Over the past 50 years or so, scores of reports and inquiries have documented the need for action to improve the lives of Australians with mental illness.

When the Council of Australian Governments (COAG) committed to national mental health reform in 2006, it began to look as though the stars were lining up. We had top-level political commitment, with pledges of support and money from Prime Minister John Howard and NSW Premier Morris Iemma.

At that point, it was starting to look like governments might actually be prepared to do some of the tough work needed to create the sort of real changes — in health, employment, education, social services and other sectors — that would make a difference to peoples’ lives.

This was always going to be a tough task – not only because it’s complex, but because it requires the political courage to take on the professional and bureaucratic interests that have such a stake in maintaining the status quo.

To improve the services available to people with mental illness, governments have to be prepared to take on the influential groups in psychiatry and general medicine, as well as psychology and nursing. Persuading professionals to change the way they work is not a task for the faint hearted.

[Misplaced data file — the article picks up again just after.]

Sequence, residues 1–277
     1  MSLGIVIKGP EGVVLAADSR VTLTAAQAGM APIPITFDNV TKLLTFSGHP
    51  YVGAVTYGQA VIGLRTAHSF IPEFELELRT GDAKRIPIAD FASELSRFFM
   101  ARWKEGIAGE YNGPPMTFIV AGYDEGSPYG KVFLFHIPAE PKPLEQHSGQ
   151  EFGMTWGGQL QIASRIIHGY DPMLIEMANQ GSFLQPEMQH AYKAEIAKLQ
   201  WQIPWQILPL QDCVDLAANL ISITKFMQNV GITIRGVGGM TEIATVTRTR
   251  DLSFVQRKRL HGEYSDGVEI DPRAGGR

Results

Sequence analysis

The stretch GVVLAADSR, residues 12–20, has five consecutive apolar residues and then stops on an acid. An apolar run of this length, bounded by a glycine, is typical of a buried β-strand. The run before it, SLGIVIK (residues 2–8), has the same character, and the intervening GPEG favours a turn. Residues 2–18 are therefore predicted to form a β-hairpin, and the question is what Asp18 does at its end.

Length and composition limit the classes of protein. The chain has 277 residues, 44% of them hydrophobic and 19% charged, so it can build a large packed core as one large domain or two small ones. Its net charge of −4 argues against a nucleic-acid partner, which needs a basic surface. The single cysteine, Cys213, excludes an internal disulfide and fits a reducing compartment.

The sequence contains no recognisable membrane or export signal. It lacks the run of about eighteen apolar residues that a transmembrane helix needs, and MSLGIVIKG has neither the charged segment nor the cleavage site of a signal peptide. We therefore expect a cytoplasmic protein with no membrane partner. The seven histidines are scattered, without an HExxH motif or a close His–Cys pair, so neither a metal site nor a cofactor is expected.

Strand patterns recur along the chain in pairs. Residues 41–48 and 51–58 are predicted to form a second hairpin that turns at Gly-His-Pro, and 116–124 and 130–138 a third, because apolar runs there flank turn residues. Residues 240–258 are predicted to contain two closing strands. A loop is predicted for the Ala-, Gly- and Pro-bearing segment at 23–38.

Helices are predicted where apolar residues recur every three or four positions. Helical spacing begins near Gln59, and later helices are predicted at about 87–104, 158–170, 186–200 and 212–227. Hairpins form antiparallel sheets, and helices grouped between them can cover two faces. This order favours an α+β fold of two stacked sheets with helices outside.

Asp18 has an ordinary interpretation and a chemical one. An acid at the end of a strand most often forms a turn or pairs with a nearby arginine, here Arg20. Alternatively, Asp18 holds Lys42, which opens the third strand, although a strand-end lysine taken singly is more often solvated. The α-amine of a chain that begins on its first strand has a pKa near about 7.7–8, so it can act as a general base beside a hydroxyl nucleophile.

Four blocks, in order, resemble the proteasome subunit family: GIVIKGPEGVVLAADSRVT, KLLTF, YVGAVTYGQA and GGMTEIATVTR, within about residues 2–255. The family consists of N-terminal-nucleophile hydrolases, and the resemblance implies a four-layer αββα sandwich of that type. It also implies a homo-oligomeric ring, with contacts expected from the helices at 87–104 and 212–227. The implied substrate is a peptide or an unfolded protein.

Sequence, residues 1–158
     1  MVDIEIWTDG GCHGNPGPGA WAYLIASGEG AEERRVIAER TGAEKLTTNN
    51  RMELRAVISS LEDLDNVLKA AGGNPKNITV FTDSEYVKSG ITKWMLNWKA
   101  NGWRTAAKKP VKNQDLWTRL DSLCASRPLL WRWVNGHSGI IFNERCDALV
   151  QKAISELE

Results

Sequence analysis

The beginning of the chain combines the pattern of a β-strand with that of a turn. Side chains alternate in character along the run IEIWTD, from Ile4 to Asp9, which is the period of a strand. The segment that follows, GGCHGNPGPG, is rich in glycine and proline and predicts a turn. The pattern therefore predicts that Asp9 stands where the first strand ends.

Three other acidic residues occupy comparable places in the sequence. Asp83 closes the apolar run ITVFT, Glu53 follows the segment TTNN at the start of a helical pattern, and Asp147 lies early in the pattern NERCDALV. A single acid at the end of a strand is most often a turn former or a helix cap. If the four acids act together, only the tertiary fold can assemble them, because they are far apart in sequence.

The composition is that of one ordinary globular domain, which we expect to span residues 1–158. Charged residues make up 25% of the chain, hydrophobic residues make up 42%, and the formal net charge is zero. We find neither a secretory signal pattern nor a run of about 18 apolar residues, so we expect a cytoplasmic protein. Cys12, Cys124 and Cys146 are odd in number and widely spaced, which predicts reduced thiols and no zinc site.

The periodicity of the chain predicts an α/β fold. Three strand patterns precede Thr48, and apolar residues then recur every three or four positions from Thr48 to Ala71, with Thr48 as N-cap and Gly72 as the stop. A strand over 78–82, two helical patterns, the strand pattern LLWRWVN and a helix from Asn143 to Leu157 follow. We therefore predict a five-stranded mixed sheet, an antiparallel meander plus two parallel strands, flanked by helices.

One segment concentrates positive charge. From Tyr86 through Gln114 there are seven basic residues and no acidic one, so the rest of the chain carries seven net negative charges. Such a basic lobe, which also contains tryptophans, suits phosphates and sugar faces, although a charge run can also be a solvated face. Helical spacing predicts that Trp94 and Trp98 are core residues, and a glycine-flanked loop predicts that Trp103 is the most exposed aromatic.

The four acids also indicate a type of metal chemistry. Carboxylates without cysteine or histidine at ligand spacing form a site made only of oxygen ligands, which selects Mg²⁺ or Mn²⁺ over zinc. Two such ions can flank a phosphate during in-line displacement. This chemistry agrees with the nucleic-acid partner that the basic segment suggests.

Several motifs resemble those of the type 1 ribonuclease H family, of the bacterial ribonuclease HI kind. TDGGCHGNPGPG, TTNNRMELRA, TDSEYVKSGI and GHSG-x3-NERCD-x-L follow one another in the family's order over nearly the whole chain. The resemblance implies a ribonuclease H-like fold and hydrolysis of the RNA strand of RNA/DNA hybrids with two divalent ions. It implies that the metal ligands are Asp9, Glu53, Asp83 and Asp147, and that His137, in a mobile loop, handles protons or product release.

A few years later, and the wheels on the bandwagon of national mental health reform are looking dangerously wobbly.

From where I sit, a large part of the blame should be borne by those professional groups and narrow clinical services that have not stepped up to the plate.

Read Professor Hickie’s full report here at Croakey, Crikey’s on-line health forum.

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Peter Fray
Peter Fray
Editor-in-chief of Crikey
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